Getting “away to somewhere different”, may not be such a pleasure in a couple of mysteries that I recommend but which might not please everyone. The Hard Shoulder by Chris Petit and The Crooked Man by Philip Davison are both very well written and and very quiet books. The crime world is a shabby, grey place in these books but, in both cases, the main characters -- and many of the lesser characters -- are what keep the interest. ‘Engaging’ is not the word I would use but you do end up caring and sympathizing for these people, living out grim existences in Thatcher’s Britain.
 Morality Play by Barry Unsworth was a good read -- I got this one from Mike. Despite one slightly heavy hand when pointing out the obvious -- and, to be fair, it was only once, but it grated -- he wields a graphic pen. The book is set in Medieval England and involves a band of ‘players’ -- traveling actors. They come to a town where a murder has just been committed and rather than play their usual performance they improvise a speculative enactment of the murder. “I believe this is how plays will be made in the future” intones one -- that was the heavy-handed bit I was referring to.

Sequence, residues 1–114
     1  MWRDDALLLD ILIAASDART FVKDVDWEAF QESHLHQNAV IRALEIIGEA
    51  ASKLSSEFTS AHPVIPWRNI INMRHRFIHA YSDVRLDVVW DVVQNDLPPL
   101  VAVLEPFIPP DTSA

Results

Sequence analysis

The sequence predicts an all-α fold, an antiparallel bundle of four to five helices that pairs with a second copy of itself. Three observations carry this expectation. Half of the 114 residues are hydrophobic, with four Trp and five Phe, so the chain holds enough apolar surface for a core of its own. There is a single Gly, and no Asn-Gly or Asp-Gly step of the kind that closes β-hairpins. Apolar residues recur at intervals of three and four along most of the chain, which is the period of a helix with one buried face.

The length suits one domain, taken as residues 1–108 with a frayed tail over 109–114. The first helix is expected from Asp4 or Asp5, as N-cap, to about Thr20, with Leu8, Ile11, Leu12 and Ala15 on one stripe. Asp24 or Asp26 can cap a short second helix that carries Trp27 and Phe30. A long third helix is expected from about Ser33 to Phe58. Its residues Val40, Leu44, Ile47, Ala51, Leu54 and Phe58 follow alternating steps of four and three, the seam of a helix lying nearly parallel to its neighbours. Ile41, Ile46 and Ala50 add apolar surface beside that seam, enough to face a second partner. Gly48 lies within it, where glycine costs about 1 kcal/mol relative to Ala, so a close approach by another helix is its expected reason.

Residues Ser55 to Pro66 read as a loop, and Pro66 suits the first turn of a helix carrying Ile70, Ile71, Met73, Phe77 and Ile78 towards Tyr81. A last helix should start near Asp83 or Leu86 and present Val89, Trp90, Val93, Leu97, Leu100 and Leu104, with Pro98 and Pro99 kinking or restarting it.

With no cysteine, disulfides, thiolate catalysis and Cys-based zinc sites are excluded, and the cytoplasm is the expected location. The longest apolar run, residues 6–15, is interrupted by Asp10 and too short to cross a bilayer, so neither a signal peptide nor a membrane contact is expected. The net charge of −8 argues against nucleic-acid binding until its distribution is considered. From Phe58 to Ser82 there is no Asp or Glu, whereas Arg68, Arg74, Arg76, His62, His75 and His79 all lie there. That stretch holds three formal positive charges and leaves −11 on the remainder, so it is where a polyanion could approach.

This performance is very popular, but also raises many questions as to what really happened. The time and place are wonderfully captured and worth the read just for that. A film, called The Reckoning has been made of the book; it stars William Dafoe. I’ve not seen it or heard anything about its virtues or lack thereof.